During the last decade Budapest has gradually evolved into an extraordinarily attractive city, thanks to the many millions of Euros that the European Union has poured into the city’s coffers specifically for beautification purposes.
Not that the place has not been attractive-looking to start with – its geographical location had seen to that: Buda on the hills of the river Duna on the west bank and Pest on the east plain, the two places connected with seven spectacular bridges.
And a large, magnificent island plum in the middle of the river.
The verdant Margaret Island is a tranquil getaway within the city. Pedestrian promenades navigate around parkland, an art nouveau water tower, the ruins of a 13th-century Dominican convent, a musical fountain and a small zoo. (Google)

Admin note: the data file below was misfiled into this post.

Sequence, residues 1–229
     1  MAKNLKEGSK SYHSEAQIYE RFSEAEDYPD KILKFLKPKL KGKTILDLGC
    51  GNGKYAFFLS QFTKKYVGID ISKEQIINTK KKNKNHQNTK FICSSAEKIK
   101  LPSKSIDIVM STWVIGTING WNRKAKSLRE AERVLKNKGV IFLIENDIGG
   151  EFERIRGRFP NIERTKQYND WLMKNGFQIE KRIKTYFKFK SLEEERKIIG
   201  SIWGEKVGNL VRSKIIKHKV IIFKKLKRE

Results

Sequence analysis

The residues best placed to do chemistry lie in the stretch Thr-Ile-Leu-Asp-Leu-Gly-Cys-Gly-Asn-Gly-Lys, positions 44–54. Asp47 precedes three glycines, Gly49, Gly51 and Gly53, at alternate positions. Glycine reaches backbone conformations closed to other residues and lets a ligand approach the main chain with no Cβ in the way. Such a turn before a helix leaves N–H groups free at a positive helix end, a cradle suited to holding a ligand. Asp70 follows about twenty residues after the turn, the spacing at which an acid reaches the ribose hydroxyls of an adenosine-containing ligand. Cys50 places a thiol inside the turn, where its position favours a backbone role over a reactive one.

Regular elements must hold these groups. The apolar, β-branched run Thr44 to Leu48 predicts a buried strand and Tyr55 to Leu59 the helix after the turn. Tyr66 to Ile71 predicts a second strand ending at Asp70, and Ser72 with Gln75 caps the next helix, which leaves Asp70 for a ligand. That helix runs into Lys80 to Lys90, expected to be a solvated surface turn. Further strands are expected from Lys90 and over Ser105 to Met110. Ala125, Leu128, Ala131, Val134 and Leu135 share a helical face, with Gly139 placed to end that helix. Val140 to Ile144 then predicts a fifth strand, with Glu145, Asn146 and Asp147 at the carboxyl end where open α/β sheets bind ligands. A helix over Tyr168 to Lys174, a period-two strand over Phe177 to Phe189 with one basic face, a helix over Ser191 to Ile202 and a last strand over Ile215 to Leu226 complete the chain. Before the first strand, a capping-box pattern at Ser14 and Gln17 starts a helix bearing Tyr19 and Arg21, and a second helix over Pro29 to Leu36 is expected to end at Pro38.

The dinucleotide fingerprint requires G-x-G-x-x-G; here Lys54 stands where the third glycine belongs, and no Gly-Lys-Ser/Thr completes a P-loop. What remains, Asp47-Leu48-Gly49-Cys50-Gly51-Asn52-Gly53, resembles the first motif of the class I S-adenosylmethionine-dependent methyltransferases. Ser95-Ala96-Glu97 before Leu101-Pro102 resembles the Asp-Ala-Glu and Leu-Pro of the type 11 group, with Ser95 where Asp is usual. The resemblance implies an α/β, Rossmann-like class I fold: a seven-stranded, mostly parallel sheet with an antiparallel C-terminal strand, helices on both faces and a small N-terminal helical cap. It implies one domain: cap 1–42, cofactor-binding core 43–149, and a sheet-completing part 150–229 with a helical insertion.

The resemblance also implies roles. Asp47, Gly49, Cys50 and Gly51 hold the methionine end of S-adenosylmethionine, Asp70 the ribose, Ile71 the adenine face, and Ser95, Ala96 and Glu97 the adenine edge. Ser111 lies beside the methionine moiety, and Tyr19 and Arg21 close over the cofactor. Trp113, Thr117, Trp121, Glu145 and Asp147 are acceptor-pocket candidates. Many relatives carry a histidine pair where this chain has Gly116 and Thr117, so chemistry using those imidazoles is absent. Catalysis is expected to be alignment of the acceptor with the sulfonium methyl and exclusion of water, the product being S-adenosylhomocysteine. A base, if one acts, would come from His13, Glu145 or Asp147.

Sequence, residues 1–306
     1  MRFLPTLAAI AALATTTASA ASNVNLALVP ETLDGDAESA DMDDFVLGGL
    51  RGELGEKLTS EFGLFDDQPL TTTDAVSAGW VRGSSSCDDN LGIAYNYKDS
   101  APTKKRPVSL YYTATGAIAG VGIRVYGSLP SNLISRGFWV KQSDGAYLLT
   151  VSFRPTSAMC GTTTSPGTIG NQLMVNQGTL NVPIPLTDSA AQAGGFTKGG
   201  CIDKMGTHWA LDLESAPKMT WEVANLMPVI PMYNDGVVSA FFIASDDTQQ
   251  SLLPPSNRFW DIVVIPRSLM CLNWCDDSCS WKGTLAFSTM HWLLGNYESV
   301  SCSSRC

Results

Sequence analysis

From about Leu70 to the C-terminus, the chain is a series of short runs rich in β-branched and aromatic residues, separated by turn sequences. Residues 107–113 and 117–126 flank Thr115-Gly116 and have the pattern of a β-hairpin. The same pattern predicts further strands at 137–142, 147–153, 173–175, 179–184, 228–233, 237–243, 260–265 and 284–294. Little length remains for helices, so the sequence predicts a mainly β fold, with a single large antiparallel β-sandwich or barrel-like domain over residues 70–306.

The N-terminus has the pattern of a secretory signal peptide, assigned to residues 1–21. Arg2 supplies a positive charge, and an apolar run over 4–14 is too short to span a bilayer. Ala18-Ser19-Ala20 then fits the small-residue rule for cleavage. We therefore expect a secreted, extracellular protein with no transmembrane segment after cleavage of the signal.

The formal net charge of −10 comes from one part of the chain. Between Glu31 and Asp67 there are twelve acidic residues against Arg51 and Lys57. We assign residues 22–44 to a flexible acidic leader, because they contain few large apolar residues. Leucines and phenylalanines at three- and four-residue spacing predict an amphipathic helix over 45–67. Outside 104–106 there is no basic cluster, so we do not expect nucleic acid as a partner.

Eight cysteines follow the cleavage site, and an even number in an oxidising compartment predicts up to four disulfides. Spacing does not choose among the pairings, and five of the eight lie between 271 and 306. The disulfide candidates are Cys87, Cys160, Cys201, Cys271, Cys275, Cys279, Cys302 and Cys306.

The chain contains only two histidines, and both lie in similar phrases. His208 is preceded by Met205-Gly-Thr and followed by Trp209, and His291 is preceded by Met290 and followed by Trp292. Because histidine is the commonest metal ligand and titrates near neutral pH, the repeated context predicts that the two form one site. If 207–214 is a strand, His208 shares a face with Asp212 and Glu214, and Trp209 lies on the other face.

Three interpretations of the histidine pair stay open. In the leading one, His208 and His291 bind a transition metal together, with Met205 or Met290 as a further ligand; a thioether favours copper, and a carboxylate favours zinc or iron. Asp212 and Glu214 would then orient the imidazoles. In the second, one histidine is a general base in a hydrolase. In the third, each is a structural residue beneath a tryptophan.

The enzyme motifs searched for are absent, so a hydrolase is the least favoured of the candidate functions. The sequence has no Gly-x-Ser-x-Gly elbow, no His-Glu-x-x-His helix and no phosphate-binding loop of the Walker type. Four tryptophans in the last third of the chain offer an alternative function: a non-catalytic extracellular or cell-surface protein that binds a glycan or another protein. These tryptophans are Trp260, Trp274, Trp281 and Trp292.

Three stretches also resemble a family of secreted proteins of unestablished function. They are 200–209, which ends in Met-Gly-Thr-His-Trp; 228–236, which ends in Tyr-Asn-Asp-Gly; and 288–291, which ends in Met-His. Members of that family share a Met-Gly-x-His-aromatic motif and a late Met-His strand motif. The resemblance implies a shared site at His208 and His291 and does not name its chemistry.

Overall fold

And a gigantic rose garden at the center that overwhelms the senses with a variety of flowers and their colors when the plants are in bloom – which they were not when I last visited the place a couple of Sundays ago.
Instead, the freshly turned earth, surrounded by a rim of green grass, glinted black in the warmish autumn sun. Though the flower beds were where I remembered them to have been, wide belts of large pebbles now bordered their green grass rim.
AND EACH AND EVERY PEBBLE – THERE ARE COUNTLESS OF THEM – BEARS TWO NUMBERS: THE TOP ONE IS THE SERIAL NUMBER AND THE LOWER THE AGE AT DEATH OF THE INDIVIDUAL OF THE COVID VICTIM THE PEBBLE REPRESENTS.
A fitting, though not widely-known, memorial of those who died of this twenty-first century plague in Hungary thus far.